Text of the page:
We’re back from a week at Playa Del Carmen, Mexico. (Seed companies offer the best customer rewards, in case you were wondering. :))
My feelings about resort tourism are too complicated and raw for a blog post, but my husband and I try to be respectful of the local culture and the country we’re visiting.
One of the reasons we wanted to go on this trip was to experience the Mayan ruins at Chichen Itza and Tulum for ourselves. It was a rare chance to see ancient history up close and in person, and we were not disappointed.
Chichen Itza was impressive. The sheer size and scale of the ruins, the detail of the surviving Mayan glyphs ~ there aren’t enough words to convey the sense of time you feel standing at the foot of the main pyramid, or wandering past observatories and temples. I read Jungle of Stone by William Carlsen before we left ~ about John Lloyd Stephens and Frederick Catharwood and their “discovery” of Mayan ruins in Guatemala, Honduras, and Mexico ~ so I thought I had some sort of historic context for what I was seeing. But nothing could have prepared me for the experience of walking in those shadows myself, hearing the Quetzal bird echoes from our claps and seeing the Mayan faces in the stonework.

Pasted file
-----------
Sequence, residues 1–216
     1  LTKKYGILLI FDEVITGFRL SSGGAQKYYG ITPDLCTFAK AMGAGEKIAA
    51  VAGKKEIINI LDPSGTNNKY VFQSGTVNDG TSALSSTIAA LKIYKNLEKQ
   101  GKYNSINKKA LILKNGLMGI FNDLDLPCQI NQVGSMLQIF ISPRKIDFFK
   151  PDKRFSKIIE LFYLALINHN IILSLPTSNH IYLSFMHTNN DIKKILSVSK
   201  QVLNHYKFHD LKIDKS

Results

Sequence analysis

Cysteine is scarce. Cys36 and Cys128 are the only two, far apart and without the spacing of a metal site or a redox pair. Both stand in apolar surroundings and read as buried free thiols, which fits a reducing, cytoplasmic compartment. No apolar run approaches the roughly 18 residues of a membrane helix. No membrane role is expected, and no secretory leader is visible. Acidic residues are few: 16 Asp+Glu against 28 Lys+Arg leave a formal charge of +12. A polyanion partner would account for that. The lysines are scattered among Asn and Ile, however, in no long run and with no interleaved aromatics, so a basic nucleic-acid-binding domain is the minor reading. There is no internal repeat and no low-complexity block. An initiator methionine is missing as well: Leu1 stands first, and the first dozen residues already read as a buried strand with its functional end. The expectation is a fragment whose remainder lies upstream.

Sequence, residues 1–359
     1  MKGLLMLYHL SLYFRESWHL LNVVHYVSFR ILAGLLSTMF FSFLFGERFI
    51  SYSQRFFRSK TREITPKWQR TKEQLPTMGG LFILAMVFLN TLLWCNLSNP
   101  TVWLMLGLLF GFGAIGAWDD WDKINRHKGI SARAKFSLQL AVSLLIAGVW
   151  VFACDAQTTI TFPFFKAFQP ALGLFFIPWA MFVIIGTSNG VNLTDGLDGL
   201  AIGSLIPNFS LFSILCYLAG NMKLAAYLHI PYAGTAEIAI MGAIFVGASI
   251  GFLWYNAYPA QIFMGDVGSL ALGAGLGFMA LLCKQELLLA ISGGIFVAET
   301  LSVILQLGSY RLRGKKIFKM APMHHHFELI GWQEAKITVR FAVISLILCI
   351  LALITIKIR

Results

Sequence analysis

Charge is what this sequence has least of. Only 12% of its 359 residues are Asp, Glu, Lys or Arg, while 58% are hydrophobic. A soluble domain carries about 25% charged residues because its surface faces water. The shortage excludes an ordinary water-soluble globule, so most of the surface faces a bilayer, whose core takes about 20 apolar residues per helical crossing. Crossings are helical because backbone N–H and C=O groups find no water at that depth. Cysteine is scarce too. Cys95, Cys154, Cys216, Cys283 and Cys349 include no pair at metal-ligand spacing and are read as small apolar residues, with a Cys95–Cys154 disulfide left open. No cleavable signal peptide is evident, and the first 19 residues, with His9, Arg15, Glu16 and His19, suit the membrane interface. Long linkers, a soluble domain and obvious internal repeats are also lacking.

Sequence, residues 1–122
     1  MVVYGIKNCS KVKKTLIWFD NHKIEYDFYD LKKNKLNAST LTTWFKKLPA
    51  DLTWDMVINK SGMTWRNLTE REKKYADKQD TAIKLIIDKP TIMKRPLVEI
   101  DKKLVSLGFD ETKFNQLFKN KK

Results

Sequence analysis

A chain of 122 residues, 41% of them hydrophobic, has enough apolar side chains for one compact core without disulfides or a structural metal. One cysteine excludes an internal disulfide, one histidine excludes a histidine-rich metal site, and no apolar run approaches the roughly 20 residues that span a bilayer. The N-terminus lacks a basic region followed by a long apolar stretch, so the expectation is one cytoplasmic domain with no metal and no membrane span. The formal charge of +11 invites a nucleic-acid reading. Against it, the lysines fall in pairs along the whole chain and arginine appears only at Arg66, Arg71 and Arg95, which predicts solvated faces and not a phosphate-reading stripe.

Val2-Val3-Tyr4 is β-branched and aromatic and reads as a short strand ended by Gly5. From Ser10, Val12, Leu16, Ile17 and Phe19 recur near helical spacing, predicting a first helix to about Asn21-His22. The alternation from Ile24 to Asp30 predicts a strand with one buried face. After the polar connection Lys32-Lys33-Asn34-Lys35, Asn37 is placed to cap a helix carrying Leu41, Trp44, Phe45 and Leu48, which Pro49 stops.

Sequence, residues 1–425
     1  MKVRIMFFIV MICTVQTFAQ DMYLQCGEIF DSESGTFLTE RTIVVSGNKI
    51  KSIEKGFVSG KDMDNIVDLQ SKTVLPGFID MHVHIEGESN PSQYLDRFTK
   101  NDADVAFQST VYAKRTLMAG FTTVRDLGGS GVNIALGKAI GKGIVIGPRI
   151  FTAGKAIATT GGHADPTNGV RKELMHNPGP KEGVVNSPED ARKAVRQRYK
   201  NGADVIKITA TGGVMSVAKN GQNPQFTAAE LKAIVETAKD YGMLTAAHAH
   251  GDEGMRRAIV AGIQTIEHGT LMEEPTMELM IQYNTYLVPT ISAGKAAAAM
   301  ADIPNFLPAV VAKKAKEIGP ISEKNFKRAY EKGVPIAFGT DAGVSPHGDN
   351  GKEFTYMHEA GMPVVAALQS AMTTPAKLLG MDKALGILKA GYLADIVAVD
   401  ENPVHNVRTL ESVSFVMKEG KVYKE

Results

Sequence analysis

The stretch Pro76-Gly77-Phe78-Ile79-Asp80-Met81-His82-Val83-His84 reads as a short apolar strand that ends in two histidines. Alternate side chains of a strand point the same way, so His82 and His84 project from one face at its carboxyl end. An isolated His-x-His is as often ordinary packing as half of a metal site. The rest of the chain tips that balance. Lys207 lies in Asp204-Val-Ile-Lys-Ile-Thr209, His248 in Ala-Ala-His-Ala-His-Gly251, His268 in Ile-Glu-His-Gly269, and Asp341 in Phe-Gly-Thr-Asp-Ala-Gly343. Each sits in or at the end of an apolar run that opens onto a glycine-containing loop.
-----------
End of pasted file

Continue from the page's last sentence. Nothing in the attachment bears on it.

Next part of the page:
Tulum, though smaller in scope, was so wild and beautiful I could have spent my entire vacation wandering around it. It was the last Mayan city built, and the last abandoned ~ thanks to the coral reef protecting it from the sea and the thick wall protecting it from the land, it was never conquered by the Spanish (a point of obvious pride to the tour guides).
The Mayans had a sophisticated written language capable of expressing complex ideas about religion, politics, culture, and history centuries before anyone else on the continent did. They recorded their words in books (nearly all of which were destroyed by the Spanish, and the fact that the few surviving books are held in foreign museums was a clear point of anger and frustration to our guides) and developed an astronomical calendar so sophisticated and accurate that NASA recorded a margin of error of only 23 seconds. (Also, just so you know, the Mayans never predicted the world would end in 2012, okay? That marked the end of one calendar cycle, not all of creation.) They built incredible temples, dwellings, and platforms. They built roads, wells, and playing fields for their sacred ball games.
And yet the Mayan civilization could not survive the combined forces of war, invasion, rebellion, disease, and environmental degradation. Today, our guide told us, there are something like 6 million Mayan descendants still living in the Yucatan. They follow the old religion and speak the Mayan language, but so much has been lost to time and the jungle.
It makes me wonder where we’re headed.